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Old 10th June 2019, 05:36 PM   #1
Join Date: Apr 2005
Posts: 2,534
Smile Blade-smithing skills and comparing blade quality (across all cultures and periods)

Hello forumites,

This topic has been repeatedly touched in discussions and I believe it deserves a dedicated thread.

Just a random quote to start things off:
Indian makers were often underestimated in their skills.

Yes, I believe pretty much all blade smiths worldwide (from pretty much all cultures and periods) are commonly underestimated for their skill, especially nowadays! Excluding contemporary artisans, the only exception which comes to mind would be Japanese swordsmiths which I'd posit get way too much of a hype, at least as a collective group compared to their colleagues from other countries!

Rather than relying on fame, stories, fads, xenophobia/xenophilia, etc., my default assumption would be that high-end blades of most cultures and most periods were remarkably close in quality regardless of materials and methods being utilized! Pretty much anything but an easy feat - apparently, bladesmithing skills were important enough though.

Granted, not all cultures had the same needs much less comparable means to produce high-end blades. Also the quality control apparently varied quite a bit. Thus, the average quality may vary more widely and the total amount of blades produced for sure.

Just to go with the Indian example: If you can forge wootz blades (possibly from more than one ingot) in a traditional forge without loosing the crystalline microstructure, your bladesmithing skills are certainly not bad (and you could also figure out an inserted edge if needed). If you can manipulate the forging to achieve pattern-welding in wootz, you also can do complex pattern-welding with laminated steel if you choose to do so. If you can obtain suitably differentially-hardened sword blades with traditional equipment, you really know what you're doing, period.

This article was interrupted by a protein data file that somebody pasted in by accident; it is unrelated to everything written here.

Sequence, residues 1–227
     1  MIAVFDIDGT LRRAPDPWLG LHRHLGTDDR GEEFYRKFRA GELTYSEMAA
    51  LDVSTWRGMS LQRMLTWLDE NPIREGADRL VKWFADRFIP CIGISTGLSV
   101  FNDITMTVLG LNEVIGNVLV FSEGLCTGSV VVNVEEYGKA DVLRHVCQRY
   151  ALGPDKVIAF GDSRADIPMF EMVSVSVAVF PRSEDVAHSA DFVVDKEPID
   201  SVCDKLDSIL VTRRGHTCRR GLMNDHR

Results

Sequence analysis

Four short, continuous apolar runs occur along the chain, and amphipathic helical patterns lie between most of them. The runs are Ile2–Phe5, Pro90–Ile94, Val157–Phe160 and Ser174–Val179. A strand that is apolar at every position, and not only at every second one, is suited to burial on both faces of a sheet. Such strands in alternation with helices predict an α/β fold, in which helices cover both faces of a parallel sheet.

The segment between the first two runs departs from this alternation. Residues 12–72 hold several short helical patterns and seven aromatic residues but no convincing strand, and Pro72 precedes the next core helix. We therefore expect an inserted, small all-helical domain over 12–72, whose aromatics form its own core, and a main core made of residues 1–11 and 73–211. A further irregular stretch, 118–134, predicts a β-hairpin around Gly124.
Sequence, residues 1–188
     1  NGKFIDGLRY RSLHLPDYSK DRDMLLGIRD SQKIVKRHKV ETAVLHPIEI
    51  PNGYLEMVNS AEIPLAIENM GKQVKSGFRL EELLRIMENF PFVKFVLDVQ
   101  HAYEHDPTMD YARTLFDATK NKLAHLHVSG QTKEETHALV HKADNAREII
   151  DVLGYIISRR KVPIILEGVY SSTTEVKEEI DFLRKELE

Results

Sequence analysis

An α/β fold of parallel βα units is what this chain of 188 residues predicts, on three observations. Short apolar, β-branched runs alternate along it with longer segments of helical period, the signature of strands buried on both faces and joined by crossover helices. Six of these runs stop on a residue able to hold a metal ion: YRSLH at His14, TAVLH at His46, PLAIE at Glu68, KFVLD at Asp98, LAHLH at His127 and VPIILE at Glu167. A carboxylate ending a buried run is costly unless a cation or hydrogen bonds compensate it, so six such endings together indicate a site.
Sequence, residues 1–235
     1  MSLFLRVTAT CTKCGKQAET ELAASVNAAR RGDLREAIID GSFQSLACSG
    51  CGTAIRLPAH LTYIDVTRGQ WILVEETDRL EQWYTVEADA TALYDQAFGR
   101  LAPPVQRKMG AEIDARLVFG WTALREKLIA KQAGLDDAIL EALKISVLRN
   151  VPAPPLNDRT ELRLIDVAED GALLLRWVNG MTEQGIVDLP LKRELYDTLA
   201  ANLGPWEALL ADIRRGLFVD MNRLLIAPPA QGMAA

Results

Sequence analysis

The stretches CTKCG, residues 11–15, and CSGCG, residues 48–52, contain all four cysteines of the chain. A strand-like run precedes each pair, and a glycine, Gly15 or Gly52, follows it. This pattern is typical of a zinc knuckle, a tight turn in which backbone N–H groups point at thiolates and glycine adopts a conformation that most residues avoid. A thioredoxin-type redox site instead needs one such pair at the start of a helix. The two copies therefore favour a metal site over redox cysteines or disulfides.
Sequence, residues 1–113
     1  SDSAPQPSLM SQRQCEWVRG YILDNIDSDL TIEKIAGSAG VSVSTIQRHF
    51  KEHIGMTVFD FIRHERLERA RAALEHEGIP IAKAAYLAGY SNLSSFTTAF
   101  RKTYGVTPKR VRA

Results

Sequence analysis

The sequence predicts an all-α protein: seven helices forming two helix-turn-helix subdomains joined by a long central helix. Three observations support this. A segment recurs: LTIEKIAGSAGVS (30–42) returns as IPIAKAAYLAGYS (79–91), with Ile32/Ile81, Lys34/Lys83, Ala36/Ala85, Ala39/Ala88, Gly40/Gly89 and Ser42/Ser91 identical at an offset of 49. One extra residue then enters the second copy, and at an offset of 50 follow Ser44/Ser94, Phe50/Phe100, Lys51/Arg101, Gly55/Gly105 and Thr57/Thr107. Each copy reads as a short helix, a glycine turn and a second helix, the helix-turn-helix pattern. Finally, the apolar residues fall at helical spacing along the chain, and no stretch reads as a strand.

Let's try not to focus on the pros and cons of crucible steel here. Just having a look at high-end blades from different cultures, I do see more similarities in skill (as suggested by the end product) than differences: early Celts, Alamanni, Vikings, Mediveal Europe, Ottoman, Bhukara, Mughal, Hindu India, Himalaya, Shan, Aceh, Sunda, Mataram, Kayan, Tausug, Waray, Guangdong, Quing, Koto (an admittedly incomplete, biased, and very idiosyncratic enumeration just to name a very few examples!).

This is kind of a working hypothesis and I can't offer hard comparative data yet; so far my personal experience with antique, traditional blades (from especially Southeast Asia) seems to support this notion though. Feel free to counter my claims and discuss, please!

To cut to the chase, we really need hard data. What would you consider important quality indicators for (high-end) blades and how to measure them?

kai is offline   Reply With Quote